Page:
ARLINGTON, Texas -- Roy Halladay demonstrated why he just picked up his fourth All-Star invitation.
Halladay (11-2) scattered six hits in a dominant performance two days after he was one of five Blue Jays named to the American League All-Star team. He struck out four and walked two while winning his third straight start.
"That was as strong as I've seen him all year," Blue Jays manager John Gibbons said. "That's been a tough team on him and it's a tough place to pitch."
Halladay began the night with a 3-4 record and 6.40 ERA in 13 career appearances against Texas. The last time he pitched in Arlington was last July 8, and he sustained a fractured left tibia on a batted ball by Texas' Kevin Mench, ending Halladay's season.
"I didn't think about last year," Halladay said. "I never put a lot of stock in thinking about coming back here."
Halladay was able to consistently get ahead of the Rangers.
"I was throwing strikes, trying to make pitches," Halladay said.
All-Star B.J. Ryan struggled to record four outs for his 23rd save in 24 chances to finish off a rare Blue Jays win over the Rangers.
He gave up an RBI single to Ian Kinsler in the ninth inning to make it 3-1. With two outs Rod Barajas struck out, but the ball got past catcher Bengie Molina on a wild pitch to allow Mark DeRosa to score and Barajas to reach first following an 11-pitch at bat.
Ryan, whose streak of 18 1/3 scoreless innings ended, got Gary Matthews Jr. to fly out with the tying run on third base to end the game.
"He found a way to get it done," Halladay said of Ryan. "It shows a lot about him. He had maybe not his best stuff but he was able to have a tough inning and still get out of it."
The Blue Jays had lost 15 of their previous 18 meetings with Texas, 10 of 12 in Arlington.
Halladay prevailed over Rangers rookie left-hander John Koronka, who allowed three runs and six hits in eight innings.
Koronka (6-5) had a difficult assignment against an offense that began the night leading the majors in batting average (.297), slugging percentage (.485), hits and total bases and had a major league-high .316 batting average against left-handers.
"It's a tough lineup," Koronka said. "You can't just pitch away. You've got to work in and out against them."
The Blue Jays picked up a game in the AL East on the Boston Red Sox and New York Yankees, both of whom lost earlier Tuesday. Toronto trails division-leading Boston by four games and is virtually tied with the second-place Yankees.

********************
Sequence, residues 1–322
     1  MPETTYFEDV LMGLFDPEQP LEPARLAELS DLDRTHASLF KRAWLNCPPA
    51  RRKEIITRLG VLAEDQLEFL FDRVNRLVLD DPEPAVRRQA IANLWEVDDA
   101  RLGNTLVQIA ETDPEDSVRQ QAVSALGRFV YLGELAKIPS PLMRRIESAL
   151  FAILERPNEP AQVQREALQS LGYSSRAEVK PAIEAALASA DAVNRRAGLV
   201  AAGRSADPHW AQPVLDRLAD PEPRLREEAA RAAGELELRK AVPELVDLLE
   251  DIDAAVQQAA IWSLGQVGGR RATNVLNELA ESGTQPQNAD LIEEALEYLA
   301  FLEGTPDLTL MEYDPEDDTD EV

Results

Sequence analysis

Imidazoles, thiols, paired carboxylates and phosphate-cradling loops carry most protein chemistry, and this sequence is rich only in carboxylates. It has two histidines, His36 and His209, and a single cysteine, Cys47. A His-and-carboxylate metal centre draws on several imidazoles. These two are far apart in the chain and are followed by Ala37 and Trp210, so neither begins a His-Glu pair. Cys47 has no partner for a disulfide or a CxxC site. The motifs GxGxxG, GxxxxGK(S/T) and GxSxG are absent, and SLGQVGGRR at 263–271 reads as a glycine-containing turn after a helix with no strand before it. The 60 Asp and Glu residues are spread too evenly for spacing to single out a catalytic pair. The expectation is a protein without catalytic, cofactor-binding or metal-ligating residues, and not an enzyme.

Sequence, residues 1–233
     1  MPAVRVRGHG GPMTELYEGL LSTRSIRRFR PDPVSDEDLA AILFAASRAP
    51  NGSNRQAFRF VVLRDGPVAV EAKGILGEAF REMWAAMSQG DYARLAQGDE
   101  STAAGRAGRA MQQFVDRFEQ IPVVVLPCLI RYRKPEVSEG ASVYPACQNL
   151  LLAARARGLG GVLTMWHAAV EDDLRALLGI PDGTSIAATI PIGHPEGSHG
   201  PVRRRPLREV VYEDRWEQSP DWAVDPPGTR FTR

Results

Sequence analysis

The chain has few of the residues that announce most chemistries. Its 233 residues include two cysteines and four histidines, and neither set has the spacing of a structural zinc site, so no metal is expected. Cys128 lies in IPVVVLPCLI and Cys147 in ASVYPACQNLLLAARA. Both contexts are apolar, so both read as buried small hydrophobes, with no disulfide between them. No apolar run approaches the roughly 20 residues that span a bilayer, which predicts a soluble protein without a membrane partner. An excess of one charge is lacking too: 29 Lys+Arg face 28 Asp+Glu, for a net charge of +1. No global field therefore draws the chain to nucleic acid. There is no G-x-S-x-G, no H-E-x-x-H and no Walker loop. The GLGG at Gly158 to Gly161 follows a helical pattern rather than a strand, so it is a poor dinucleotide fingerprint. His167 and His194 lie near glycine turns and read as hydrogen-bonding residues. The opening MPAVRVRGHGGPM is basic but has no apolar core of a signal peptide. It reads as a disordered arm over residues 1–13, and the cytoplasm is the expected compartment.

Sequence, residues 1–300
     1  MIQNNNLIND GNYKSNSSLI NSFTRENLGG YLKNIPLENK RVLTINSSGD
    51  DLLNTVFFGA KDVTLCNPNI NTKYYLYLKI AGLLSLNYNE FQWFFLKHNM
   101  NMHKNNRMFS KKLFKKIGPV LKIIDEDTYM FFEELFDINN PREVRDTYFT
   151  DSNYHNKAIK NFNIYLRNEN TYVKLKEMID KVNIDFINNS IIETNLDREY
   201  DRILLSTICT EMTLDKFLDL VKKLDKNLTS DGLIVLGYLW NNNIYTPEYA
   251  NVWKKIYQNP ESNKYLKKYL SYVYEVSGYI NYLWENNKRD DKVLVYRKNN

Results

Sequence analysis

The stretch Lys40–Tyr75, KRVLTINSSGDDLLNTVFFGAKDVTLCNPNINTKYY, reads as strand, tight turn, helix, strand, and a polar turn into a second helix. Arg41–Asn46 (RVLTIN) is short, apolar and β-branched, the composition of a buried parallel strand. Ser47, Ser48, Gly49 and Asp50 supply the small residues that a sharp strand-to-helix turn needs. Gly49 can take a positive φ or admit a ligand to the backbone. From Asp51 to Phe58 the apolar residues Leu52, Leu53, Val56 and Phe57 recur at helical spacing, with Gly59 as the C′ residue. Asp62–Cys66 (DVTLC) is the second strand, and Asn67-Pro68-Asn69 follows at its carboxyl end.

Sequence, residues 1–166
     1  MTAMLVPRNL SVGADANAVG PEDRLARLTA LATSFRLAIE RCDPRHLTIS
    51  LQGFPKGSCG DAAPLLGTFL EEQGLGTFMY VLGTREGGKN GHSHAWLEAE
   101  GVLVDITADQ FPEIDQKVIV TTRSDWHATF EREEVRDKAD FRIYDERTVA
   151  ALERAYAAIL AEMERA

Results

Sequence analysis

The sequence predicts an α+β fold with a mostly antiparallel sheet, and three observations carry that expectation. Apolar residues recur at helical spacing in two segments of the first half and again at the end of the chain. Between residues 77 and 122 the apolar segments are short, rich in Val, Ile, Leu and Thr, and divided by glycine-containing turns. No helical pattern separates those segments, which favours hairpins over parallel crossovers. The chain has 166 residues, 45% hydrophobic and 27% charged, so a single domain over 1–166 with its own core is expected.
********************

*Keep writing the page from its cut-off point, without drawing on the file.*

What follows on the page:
For the second straight night, the Blue Jays had problems with a finesse left-hander. On Monday night, John Rheinecker allowed one run and five hits in seven innings of a 6-1 Texas victory.
Koronka was perfect over the first four innings, getting nine outs on fly balls over that span before Shea Hillenbrand collected Toronto's first hit with a one-out single in the fifth.
Hillenbrand went to second on a wild pitch, then tried to score on Aaron Hill's single. But Rangers left fielder Jerry Hairston Jr.'s throw to the plate was perfect, and catcher Barajas was waiting with the ball for an easy tag on Hillenbrand.
Toronto broke through in the sixth to take a 2-0 lead on Adams' one-out homer and Frank Catalanotto's RBI single.
Meanwhile, Halladay allowed three hits during the first five innings, including a single by Michael Young in the fourth, Young's 1,000th major league hit.
"Halladay wasn't just picking on us," Rangers manager Buck Showalter said. "He's one of the best pitchers in baseball."
Hinske's leadoff homer in the eighth stretched Toronto's lead to 3-0.
- Rain delayed the game's first pitch for one hour and 38 minutes.
- Halladay's 11 victories ties him with Tom Glavine of the New York Mets for the major league lead.
- Young reached 1,000 hits faster than any player in Rangers history, accomplishing the feat in 827 games. Buddy Bell reached the milestone in 869 games.
- Texas RHP Wes Littleton made his major league debut in the ninth.